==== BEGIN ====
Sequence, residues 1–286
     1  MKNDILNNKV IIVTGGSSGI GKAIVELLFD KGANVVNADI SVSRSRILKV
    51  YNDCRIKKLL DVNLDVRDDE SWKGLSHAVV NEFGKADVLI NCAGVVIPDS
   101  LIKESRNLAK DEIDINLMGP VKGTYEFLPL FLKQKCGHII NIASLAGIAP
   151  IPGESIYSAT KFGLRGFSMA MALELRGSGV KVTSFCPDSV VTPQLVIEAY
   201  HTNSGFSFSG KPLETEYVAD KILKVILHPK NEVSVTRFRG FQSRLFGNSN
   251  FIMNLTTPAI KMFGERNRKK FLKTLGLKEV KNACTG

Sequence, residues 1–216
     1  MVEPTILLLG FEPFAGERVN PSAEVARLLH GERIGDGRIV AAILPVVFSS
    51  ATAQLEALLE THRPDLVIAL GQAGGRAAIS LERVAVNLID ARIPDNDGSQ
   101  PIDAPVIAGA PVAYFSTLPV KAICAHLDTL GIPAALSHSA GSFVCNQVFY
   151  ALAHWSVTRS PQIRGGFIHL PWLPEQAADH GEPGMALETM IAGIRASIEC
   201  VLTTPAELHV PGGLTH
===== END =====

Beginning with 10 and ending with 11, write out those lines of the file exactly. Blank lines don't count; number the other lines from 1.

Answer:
    51  ATAQLEALLE THRPDLVIAL GQAGGRAAIS LERVAVNLID ARIPDNDGSQ
   101  PIDAPVIAGA PVAYFSTLPV KAICAHLDTL GIPAALSHSA GSFVCNQVFY